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In Your Words: Being a gay teacher in Ireland

Experiencing homophobia in all forms, while being in fear of their work, job and career. These five teachers tell their stories…

Republished 14 September

EARLIER THIS YEAR, posted the personal experiences of seven high-profile gay and lesbian men and women.

They told stories of homophobia and hatred. But also tales of acceptance and love.

The interviews and writings certainly hit home for many of our readers and we were overwhelmed with the responses to our subsequent request for your stories.

Unfortunately, we have not been able to reproduce every submission, but have picked a selection to represent the various experiences people told us about.

We have arranged the extracts in separate posts.

Here, we look at the precarious and almost-unique situation that gay and lesbian teachers find themselves in.

In Ireland, schools run by the Catholic Church (which is the vast majority) are allowed exempt from certain aspects of equality law because of their religion’s ethos and teachings. They were given an exemption to the European Equality Directive back in 2000 which allows for this ethos to be upheld during recruitment.

We have republished the extracts here following an announcement this week that the government is looking to advance legislation to amend Section 37.

All contributors asked to remain anonymous.

I was called in for ‘The Chat’

“First of all, I regretfully have to preface my e-mail by saying I would need to keep my name confidential as I could lose my job if it was published in relation to this topic.

Essentially, I am a gay teacher in my late 20s working in a Dublin Catholic denominated secondary school. I was fortunate to get a job in this school after qualification and try to be the best, most professional teacher I can be.

I have never discussed my sexuality or any aspect of my private life with colleagues.

About two years ago, the religion teacher in the school became aware I was gay after seeing me coming out of the Dragon Bar in town with friends and she advised the principal of this. The following week I was asked for a chat after the school with the principal and Chairman of the Board (the local parish priest).

It was put as follows:

We are not asking you about your sexuality but want to make clear that this school will not tolerate any promotion, discussion or open displays of a lifestyle not fully in keeping with its religious ethos.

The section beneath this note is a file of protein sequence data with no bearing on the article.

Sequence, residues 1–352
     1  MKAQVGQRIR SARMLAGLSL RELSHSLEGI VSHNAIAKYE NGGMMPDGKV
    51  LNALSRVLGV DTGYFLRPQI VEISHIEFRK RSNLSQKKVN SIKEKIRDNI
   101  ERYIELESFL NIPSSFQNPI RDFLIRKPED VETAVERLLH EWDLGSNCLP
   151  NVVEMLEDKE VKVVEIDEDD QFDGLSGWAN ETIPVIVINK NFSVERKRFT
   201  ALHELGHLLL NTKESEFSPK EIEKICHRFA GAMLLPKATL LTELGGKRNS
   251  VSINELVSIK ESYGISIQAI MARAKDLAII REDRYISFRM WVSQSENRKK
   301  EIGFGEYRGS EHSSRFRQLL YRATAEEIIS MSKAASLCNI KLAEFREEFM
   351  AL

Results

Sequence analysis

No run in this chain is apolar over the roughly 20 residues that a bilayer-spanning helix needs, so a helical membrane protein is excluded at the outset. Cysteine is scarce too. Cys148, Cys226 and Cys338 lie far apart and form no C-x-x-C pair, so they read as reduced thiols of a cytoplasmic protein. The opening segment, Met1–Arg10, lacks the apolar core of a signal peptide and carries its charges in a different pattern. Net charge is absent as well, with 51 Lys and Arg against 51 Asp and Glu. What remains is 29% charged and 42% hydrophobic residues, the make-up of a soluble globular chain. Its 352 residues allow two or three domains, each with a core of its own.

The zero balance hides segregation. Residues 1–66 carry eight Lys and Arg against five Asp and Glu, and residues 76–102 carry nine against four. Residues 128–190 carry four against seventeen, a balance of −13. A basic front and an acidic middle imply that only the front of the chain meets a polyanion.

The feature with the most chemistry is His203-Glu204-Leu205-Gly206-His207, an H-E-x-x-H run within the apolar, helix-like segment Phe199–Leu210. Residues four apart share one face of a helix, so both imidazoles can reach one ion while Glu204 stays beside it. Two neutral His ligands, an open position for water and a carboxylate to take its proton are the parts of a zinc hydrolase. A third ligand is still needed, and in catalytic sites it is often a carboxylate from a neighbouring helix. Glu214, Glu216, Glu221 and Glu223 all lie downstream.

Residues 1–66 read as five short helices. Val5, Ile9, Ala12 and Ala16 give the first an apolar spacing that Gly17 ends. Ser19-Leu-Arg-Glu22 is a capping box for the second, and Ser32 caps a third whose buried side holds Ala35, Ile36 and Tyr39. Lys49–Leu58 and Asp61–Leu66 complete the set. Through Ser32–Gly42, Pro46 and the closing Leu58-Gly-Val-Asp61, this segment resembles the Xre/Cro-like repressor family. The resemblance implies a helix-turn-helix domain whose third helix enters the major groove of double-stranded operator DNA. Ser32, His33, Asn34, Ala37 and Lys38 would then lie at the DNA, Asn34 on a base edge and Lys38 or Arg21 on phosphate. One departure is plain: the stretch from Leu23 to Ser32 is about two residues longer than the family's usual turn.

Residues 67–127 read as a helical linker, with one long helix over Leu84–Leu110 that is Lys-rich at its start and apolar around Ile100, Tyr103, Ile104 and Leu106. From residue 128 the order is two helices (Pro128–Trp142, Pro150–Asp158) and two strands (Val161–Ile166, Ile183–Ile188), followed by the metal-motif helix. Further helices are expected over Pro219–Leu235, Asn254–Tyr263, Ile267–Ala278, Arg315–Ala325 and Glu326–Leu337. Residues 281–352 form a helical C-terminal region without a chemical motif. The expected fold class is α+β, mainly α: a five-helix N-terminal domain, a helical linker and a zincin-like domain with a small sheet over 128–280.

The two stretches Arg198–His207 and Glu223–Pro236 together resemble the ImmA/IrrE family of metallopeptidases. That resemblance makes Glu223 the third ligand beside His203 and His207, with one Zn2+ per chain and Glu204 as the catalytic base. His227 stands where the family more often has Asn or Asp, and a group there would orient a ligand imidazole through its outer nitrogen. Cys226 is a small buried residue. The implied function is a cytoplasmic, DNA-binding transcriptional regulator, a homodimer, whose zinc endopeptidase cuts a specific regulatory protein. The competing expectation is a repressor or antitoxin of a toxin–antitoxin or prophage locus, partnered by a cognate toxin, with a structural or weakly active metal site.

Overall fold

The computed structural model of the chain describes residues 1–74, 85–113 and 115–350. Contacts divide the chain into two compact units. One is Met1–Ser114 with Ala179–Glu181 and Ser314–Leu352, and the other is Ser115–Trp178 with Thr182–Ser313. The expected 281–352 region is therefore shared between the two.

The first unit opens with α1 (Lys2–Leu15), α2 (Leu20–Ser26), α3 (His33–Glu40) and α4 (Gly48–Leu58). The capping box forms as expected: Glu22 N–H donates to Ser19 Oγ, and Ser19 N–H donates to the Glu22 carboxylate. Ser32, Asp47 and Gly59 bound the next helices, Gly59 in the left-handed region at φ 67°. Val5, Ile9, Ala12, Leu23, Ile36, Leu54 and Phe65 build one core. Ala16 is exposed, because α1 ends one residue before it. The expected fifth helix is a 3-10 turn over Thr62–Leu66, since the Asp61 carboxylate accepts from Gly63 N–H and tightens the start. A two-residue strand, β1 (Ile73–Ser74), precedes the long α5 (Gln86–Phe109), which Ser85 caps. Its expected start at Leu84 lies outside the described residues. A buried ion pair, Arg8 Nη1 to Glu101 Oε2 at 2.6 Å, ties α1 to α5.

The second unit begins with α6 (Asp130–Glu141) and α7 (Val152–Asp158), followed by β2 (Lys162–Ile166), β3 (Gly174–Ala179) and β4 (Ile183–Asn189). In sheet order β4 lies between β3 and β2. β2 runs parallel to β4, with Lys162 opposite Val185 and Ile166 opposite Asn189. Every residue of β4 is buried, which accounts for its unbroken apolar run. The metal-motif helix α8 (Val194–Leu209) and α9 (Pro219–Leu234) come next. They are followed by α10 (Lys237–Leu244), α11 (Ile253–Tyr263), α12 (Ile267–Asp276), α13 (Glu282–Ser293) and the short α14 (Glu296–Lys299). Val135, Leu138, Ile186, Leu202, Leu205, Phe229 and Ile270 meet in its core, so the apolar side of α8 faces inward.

It was made clear in a “very nice” way that they were just letting me know school policy.

I was obviously shocked and rang my union. They were sympathetic and met with me but told me the school had not done anything outside the law due to the religious exemption here. Their best advice was to ‘not rock the boat’ if I wanted to remain a teacher in the school.

Following ‘The Chat’ the following has happened:

  • Another teacher volunteered to train the football team so I was asked to step down from this voluntary role;
  • I was only given a token 10-minute interview when I applied for a position of responsibility within the school while the other successful applicant was given a full hour;
  • The principal has introduced a policy of dropping in unannounced to my classes and attending my parent-teacher meetings. When I asked why, I was advised it is her right;
  • At staff meetings, any comments I make are ignored;
  • Other teachers aware of the situation, while polite to me, actively strive not to sit next to me in the staff room etc in case the principal sees them there;
  • One teacher rang me outside of school to tell me about whisper campaigns about me;
  • I see pupils openly call other pupils “gay” in a bullying manner and going unpunished by other teachers who witness this;
  • Ultimately, I am in a Catch 22 situation as I have a mortgage on my apartment to pay and teachers cannot transfer to other schools. If in a few years I apply for Principal positions elsewhere I doubt I would get a reference from my school.

This is my grim reality in Dublin 2014.”

Technically, they can fire me

“I am a 50-year-old, middle-aged, “painfully middle class” lesbian teaching in a Catholic primary school in rural Ireland and I suffer homophobia every day.